The Dirt on 'Dirt'
December 18, 2006
Cox, who co-executive-produces the show through Coquette, the production company she runs with husband David Arquette, stars as Lucy Spiller (read: Bonnie Fuller), the editrix of two celebrity glossies, Drrt and Now (facing poor ad sales and pressure from her publisher, she later combines them into one - Drrt Now).
While FX shows are well-made and slick, their racy sensibilities are not my own, so I don't watch them. I figured I'd try this one, though, since i loved Friends, and by association Courteney Cox, and I read the tabloids. (Side note - the most annoying part of the whole screener DVD: In the cast interview extras at the end, they ask the unrecognizable yet apparently already entitled actors whether they read the tabloids, and they all demur that they only cave and pick them up when trapped in line at the supermarket because really? anyone who actually reads those things is just pathetic. and who really cares about celebrities anyway? Right. like they're not all in the show in the first place in the hopes of squeezing their way onto the pages of the rags they all profess to so scorn.)
Anyway, sorry FX, but I have a feeling the show won't stick with the female viewers who read those glossies in the first place. First off, I think some subset of viewers will be put off seeing lovably obsessive Monica recast as a neurotic minus the charm. None of the characters, save for maybe the wide-eyed, eager to impress junior reporter, really garnered much of my sympathy, and perhaps that's the point. If so, it's just not the kind of television I care to watch at the end of the day.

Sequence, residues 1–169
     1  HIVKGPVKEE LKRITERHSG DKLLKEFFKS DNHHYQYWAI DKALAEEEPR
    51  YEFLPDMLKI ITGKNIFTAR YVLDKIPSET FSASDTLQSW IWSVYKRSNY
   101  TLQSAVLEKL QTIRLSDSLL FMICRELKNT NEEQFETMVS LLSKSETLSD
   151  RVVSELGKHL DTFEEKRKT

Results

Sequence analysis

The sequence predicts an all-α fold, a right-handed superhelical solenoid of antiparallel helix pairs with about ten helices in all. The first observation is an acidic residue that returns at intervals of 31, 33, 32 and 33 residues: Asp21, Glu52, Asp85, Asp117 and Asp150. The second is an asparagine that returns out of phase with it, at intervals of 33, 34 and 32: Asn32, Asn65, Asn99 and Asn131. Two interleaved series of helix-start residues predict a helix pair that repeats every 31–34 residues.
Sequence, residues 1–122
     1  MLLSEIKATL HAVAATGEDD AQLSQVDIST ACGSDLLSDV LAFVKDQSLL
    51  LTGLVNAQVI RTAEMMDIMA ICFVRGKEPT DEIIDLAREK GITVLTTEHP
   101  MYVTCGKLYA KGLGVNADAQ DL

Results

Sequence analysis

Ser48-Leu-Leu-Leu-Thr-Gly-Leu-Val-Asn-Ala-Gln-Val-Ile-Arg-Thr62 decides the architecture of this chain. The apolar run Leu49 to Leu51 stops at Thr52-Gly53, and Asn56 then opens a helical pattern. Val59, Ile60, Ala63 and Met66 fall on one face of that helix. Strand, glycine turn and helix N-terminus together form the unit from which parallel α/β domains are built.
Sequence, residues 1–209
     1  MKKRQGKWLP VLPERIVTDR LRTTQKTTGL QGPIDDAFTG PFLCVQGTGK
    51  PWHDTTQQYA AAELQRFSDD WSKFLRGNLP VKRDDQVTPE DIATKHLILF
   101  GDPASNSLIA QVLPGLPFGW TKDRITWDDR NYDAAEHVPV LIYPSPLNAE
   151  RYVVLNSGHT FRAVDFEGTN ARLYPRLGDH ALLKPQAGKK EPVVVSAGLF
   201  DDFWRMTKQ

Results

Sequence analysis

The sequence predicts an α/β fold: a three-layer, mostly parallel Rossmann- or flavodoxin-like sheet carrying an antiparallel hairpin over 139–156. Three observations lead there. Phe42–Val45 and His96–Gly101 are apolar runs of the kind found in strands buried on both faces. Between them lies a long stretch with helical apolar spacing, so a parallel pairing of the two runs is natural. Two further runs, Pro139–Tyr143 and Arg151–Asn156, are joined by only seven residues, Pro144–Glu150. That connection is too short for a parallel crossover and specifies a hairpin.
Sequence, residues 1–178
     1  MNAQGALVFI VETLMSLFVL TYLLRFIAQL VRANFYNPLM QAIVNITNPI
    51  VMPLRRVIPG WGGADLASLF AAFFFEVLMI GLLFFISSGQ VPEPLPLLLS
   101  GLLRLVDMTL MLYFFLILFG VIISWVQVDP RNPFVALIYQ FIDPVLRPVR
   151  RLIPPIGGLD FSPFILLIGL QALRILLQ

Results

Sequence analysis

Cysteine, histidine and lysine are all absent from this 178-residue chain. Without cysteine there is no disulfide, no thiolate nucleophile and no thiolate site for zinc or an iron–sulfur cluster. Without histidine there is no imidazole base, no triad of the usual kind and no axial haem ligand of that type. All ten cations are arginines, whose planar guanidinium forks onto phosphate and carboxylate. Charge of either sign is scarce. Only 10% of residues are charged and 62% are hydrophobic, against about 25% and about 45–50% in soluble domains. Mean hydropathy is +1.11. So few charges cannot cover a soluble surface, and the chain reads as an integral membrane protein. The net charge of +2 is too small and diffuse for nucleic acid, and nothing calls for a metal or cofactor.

The self-absorbed, back-stabbing, drug-addled lot of them make a good case against glorifying celebrity and fame, but they're not fun to watch. The show actually goes to great length to show all the grit and hard work that goes into making tabloid magazines - and that's interesting. And it's semi-fun to note whatever real life situations inspired certain storylines (the mega-star actress character is named "Julia Mallory," which rolls off the tongue similarly to Cox's on- and off-screen friend, Jennifer Aniston; one episode focuses not on the real-life "Brangelina" but on "Blogan," the fictional manipulative celebrity couple of Blair and Logan).
But the fun stops there, and so too my interest in watching the show. For my time, I'd rather actually be reading the tabloids or watching Ugly Betty, which takes down its magazine sausage makers with humor, rather than arsenic.
While after producing three marquee shows with white, male leads, John Landgraf and FX should be commended for mandating that Dirt's lead be female (the show originally hadn't centered on Spiller but on her schizophrenic paparazzo sidekick), but I just don't think she's one of the females I will want to watch.
By Anne Becker